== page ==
• 1 Spin-Wave Eigen-modes in a Normally Magnetized Nano-pillar 13 binding index B. Therefore, it should be labeled B00, which confirms the character of the lowest energy collective mode in the perpendicular geometry discussed in Sect. 1.2.2. We also note that the relative amplitude of the precession in the two layers found in the simulation is roughly in agreement with the predicted value from the analytical model, see (1.6). The same analysis can be made for the second peak, labeled B01, which occurs close to the experimental peak at H➁. It also corresponds to a resonance mainly in the thick layer, and its color representation shows that this is the first radial harmonic (n = 1), with one line of node in the radial direction. Again, the thin layer is oscillating in anti-phase, with the same radial index n = 1, as clearly shown by the mode profile along the median direction. The third peak is labeled A00 and is located close to the experimental peak at H➂. It corresponds this time to a uniform (n = 0) precession mainly located in the thin layer, in agreement with the experimental analysis presented in [17]. In this mode, the thick layer is also slightly vibrating in phase with the thin layer (anti-binding index A). The other two modes, A01 and B02, correspond to higher radial harmonics of = 0 modes in the nano- pillar, at H➃ and H➄. Due to the proximity between these two modes, the precession profile of the mode B02 appears somewhat hybridized with the precession profile of the mode A01. Finally, one can also check from the simulations the independence of the precession profiles on the thickness (within the uncertainty of the calculated profile, which is about ±2 %). This confirms the validity of the 2D approximation and explains the performance of the analytical model [17]. Let us now turn to Fig. 1.5(b), corresponding to the spectroscopic response to an RF current of same frequency 8.1 GHz flowing perpendicularly through the nano- pillar. The SW spectrum is acquired under the exact same conditions as for standard FMR, i.e., the spherical magnetic probe of the mechanical-FMR detection is kept at the same location above the sample. The striking result is that the position of the peaks in Figs. 1.4(b) and 1.5(b) do not coincide. More precisely, there seems to be a translational correspondence between the two spectra, which are shifted in field by about 0.5 kOe from each other. The comparison with Fig. 1.5(a) enables us to identify the SW modes excited by the orthoradial RF Oersted field produced by the RF current. Here again, the peaks of the simulated power spectrum in Fig. 1.5(a) are in good correspondence with the experimental resonance peaks in Fig. 1.5(b). Repeating the same analysis as above, the peaks follow the same sequence of A/B, n indexation and only differ by their -index. This explains the translational corre- spondence between the SW spectra of Figs. 1.4(b) and 1.5(b). Finally, we point out that the dipolar pinning at the boundaries of each disk in the modes displayed in Fig. 1.5(c) is not trivial [36]. The general trend observed here is that the thin layer is less pinned than the thick layer for symmetric modes, and vice versa. Thus, these full 3D micromagnetic simulations allow the identification of the SW modes probed experimentally by both a uniform RF magnetic field and an RF current flowing through the nano-pillar, i.e., of their respective selection rules. They also give a deeper insight on the collective nature of the magnetization dynamics in the nano-pillar discussed in Sect. 1.2.2.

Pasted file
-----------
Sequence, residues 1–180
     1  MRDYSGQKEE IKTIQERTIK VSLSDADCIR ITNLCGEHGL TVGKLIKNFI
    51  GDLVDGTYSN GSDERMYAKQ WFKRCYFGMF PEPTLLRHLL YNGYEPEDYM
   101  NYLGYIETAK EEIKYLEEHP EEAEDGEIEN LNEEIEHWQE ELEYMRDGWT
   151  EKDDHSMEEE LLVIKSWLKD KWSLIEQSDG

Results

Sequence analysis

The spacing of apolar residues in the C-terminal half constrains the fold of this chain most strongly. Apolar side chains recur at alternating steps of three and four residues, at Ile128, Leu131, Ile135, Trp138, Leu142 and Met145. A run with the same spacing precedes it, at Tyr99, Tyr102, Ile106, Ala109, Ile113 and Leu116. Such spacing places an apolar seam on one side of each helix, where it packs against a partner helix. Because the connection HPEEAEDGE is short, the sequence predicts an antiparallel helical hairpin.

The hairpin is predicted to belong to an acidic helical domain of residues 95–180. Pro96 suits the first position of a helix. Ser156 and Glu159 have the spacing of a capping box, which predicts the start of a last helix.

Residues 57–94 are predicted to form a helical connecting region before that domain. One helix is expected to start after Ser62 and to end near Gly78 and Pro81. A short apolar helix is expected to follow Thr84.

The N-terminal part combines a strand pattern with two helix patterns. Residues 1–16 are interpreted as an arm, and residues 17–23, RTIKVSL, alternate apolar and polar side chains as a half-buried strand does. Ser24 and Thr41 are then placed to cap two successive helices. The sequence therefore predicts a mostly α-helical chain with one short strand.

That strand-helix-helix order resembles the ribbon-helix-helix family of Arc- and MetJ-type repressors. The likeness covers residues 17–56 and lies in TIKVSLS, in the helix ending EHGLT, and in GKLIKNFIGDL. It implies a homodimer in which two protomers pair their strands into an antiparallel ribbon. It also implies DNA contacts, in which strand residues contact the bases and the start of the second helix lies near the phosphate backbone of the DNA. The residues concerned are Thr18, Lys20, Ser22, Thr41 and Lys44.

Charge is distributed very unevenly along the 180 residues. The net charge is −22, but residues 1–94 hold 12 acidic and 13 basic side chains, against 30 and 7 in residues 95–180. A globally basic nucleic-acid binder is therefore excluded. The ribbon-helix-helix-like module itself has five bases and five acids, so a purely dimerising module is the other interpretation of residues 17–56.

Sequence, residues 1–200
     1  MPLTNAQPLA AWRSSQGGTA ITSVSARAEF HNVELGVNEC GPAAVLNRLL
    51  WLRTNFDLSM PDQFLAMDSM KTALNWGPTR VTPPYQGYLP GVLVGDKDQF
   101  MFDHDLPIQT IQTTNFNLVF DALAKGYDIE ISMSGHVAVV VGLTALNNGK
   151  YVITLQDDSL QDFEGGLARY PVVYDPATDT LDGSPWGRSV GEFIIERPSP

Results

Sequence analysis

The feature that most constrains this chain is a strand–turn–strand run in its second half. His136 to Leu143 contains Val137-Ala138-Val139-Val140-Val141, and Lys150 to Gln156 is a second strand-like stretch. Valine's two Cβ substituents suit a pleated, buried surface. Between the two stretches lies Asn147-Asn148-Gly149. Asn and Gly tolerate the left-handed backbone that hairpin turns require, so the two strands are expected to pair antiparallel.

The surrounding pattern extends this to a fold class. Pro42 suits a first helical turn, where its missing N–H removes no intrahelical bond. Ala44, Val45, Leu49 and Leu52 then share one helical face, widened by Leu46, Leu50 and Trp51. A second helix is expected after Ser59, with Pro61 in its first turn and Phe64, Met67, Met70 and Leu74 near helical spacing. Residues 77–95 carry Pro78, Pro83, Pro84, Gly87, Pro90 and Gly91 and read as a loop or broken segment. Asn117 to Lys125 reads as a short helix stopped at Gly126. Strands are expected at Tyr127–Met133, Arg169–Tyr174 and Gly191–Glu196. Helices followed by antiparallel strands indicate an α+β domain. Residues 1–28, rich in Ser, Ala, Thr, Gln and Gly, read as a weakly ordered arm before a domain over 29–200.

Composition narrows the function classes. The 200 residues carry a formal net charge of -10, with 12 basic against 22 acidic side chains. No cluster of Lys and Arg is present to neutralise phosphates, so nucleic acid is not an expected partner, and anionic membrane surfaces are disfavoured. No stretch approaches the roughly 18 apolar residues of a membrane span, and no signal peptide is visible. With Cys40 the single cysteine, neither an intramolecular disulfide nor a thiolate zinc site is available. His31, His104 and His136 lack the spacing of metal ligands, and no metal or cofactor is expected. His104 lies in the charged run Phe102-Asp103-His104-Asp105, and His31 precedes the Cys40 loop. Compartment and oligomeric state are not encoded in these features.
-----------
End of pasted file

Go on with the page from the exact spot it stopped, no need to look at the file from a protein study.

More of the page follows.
• 14 V.V. Naletov et al. 1.3 Conclusion In summary, we used the MRFM technique [20] to study the SW eigen-modes in the prototype of a STNO – a normally magnetized nano-pillar composed of two mag- netic layers in dipolar interaction. We were able to compare the SW spectra of this passive STNO excited by a uniform in-plane RF magnetic field and by an RF cur- rent flowing perpendicularly through the layers. We found that distinctly different SW modes (having azimuthal indices = 0 and = +1, respectively) are excited by the two above mentioned excitation methods. We also developed a simple an- alytic theory providing a comprehensive labeling of all the SW eigen-modes of a magnetic nano-pillar in the studied axially symmetric case. This labeling requires three independent indices: the usual azimuthal and radial indices and n used for the SW modes of a single magnetic disk, and an additional index referring to the binding or anti-binding (B or A) dipolar coupling between the two magnetic disks. The obtained experimental and analytic results were also compared to the results of 3D micromagnetic simulations obtained with the Nmag package. We learned that the -index, related to the azimuthal symmetry of the SW modes, is the discriminat- ing parameter for the selection rules of the SW mode excitation. We believe that our results are important for the optimization of the characteristics of nano-spintronic devices, and in particular STNOs, and for the experimental determination of the STNO parameters. Acknowledgements We thank V. Cros, J. Grollier, H. Hurdequint, C. Ulysse, G. Faini, V.S. Tiberkevich, and A.N. Slavin for their help and support. This research was partially supported by the European Grant Master (NMP-FP7 212257) and by the French Grant Voice (ANR-09- NANO-006-01). References 1. S. Wolf, D.D. Awschalom, R.A. Buhrman, J. Daughton, S. von Molnar, M.L. Roukes, A.Y. Chtchelkanova, D.M. Treger, Science 294, 1488 (2001) 2. M.N. Baibich, J.M. Broto, A. Fert, F.N.V. Dau, F. Petroff, P. Etienne, G. Creuzet, A. Friederich, J. Chazelas, Phys. Rev. Lett. 61(21), 2472 (1988) 3. G. Binasch, P. Grunberg, F. Saurenbach, W. Zinn, Phys. Rev. B 39(7), 4828 (1989) 4. J. Slonczewski, J. Magn. Magn. Mater. 159, L1 (1996). doi:10.1016/0304-8853(96)00062-5 5. L. Berger, Phys. Rev. B 54(13), 9353 (1996) 6. V.E. Demidov, S.O. Demokritov, B. Hillebrands, M. Laufenberg, P.P. Freitas, Appl. Phys. Lett. 85(14), 2866 (2004). doi:10.1063/1.1803621 7. G. Woltersdorf, O. Mosendz, B. Heinrich, C.H. Back, Phys. Rev. Lett. 99(24), 246603 (2007). doi:10.1103/PhysRevLett.99.246603 8. G. de Loubens, V.V. Naletov, O. Klein, J. Ben Youssef, F. Boust, N. Vukadinovic, Phys. Rev. Lett. 98(12), 127601 (2007) 9. G. de Loubens, V.V. Naletov, M. Viret, O. Klein, H. Hurdequint, J. Ben Youssef, F. Boust, N. Vukadinovic, J. Appl. Phys. 101, 09F514 (2007) 10. G. Gubbiotti, M. Madami, S. Tacchi, G. Carlotti, H. Tanigawa, T. Ono, J. Phys. D, Appl. Phys. 41(13), 134023 (2008). doi:10.1088/0022-3727/41/13/134023 11. P.S. Keatley, V.V. Kruglyak, A. Neudert, E.A. Galaktionov, R.J. Hicken, J.R. Childress, J.A. Katine, Phys. Rev. B 78(21), 214412 (2008). doi:10.1103/PhysRevB.78.214412